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NOC on resale: Crucial issues unresolved

Nov 03 2012, 09:40 IST
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SummaryUnless penalties are put in place and banks roped in, decision may not achieve much.

The Maharashtra government’s decision to abolish the requirement of ‘no objection certificate’ (NOC) from a developer at the time of resale of a flat is a long overdue step that would reduce the time taken for resale transaction and also eliminate the harassment that buyers routinely undergo. It is also a major relief coming at a time when the cost of property is reaching stratospheric levels.

The practice is prevalent in other states too, and the Maharashtra example would hopefully be emulated in due course.

Need for NOC

The rationale behind the NOC is actually very simple. It gives the land-owner or society the opportunity to know the new buyer and also ensure that the seller has settled all existing dues before the sale. It is like a bona fide certificate for the seller and a surety about the seller that the land-owner gives the buyer. It can also be understood as a status report about the premises and the legal position of ownership to the government, and the banks for loan processing etc.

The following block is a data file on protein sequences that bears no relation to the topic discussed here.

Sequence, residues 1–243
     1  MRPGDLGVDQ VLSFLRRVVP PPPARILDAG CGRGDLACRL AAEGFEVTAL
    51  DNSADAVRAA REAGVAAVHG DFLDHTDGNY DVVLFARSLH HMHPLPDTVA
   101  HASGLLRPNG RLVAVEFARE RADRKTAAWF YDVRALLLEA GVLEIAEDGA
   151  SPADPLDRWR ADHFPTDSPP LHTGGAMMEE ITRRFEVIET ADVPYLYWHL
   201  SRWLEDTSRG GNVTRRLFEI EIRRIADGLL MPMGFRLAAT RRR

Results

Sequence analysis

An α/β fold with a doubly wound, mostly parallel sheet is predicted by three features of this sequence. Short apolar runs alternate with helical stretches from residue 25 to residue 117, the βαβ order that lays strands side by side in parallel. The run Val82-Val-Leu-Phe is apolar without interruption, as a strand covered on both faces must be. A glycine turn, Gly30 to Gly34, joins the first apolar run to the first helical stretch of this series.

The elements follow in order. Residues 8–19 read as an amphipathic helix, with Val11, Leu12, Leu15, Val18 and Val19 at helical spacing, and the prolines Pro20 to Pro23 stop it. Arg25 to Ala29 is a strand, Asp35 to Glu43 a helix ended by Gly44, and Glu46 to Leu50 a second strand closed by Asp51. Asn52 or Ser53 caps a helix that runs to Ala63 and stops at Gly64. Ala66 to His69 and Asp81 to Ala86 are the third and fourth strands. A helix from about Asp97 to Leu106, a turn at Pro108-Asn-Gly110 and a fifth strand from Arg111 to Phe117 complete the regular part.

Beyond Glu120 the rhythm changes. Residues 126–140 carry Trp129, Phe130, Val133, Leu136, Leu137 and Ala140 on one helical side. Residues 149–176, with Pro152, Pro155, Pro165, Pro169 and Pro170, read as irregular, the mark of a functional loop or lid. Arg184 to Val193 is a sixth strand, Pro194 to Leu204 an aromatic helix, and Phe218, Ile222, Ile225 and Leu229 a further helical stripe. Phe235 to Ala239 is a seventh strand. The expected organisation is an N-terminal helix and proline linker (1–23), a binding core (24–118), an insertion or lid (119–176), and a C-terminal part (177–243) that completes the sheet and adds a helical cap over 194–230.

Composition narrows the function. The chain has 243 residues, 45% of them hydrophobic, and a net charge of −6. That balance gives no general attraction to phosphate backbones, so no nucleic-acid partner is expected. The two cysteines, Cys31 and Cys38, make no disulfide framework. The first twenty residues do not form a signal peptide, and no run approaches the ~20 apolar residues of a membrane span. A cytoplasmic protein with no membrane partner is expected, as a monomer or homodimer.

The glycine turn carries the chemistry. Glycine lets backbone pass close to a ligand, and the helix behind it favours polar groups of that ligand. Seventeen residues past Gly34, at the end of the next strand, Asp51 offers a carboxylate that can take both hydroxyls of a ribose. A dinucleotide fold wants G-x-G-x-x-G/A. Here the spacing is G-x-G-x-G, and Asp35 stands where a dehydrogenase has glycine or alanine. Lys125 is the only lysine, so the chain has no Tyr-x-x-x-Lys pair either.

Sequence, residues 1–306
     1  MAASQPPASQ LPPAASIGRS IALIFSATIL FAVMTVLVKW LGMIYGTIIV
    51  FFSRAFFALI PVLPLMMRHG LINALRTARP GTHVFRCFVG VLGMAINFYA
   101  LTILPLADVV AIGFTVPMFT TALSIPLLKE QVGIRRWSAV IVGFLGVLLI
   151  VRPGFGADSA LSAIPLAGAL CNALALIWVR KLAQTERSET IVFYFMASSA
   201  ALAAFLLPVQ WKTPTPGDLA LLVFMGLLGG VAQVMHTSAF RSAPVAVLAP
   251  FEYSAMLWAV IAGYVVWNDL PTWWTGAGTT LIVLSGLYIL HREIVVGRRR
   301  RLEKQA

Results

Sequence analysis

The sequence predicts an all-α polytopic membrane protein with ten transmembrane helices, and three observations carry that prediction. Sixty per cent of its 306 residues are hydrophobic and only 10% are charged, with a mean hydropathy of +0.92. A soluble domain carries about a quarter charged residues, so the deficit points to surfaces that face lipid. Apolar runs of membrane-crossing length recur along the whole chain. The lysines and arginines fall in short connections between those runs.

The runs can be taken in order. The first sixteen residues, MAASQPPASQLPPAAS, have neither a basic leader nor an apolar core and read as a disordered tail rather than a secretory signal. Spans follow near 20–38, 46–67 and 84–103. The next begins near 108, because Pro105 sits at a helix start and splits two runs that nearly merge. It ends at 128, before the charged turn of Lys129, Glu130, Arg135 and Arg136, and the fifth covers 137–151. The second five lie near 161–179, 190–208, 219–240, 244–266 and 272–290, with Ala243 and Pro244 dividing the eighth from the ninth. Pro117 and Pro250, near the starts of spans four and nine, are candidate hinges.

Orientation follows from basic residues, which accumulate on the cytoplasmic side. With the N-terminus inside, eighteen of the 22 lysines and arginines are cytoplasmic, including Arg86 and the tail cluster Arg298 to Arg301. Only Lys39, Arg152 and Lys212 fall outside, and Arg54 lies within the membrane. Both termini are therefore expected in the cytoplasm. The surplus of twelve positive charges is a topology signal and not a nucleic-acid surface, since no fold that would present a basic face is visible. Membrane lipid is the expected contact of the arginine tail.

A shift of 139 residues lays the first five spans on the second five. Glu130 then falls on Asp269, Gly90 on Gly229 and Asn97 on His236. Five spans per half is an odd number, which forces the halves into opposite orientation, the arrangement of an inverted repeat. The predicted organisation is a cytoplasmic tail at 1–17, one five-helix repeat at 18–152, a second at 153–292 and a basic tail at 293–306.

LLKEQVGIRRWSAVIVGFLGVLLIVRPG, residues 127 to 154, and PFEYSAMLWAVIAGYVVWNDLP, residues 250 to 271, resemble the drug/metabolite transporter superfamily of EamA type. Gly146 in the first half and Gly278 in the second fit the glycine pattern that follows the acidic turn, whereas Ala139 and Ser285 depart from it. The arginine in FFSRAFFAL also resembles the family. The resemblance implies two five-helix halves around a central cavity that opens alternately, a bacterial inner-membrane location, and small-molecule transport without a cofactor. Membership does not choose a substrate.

The rider, however, is that no money can be charged for this procedure. That is not how it has worked.

Navin Shah (name changed) had to sell his newly bought 1 BHK flat of 460 sq ft at Goregaon, Mumbai. To get the sale registered, he had to get the NOC from the developer, as the housing society was yet to be formed. The developer charged Rs 600 per sq ft, calling it ‘transfer charges’ to be paid in cash. Shah had no recourse but to succumb to this demand and pay up Rs 2.76 lakh.

If the flat is in a registered society, which also owns the land, then the NOC from the land-owner i.e. the society is required. No money is usually demanded for this NOC. However, once the sale agreement is registered and submitted, most societies charge Rs 25,000 as transfer fee to make the new flat-owner a member of the society. This is valid. However, many societies also charge an additional amount from the seller or the buyer as ‘donation’.

In Shah’s case, the developer could charge because that project had not become a society then, which meant that the developer was the landlord. According to the Maharashtra Ownership Flats Act (MOFA) 1963 and 1964, the developer has the responsibility to issue the NOC, but has no right to charge for this service.

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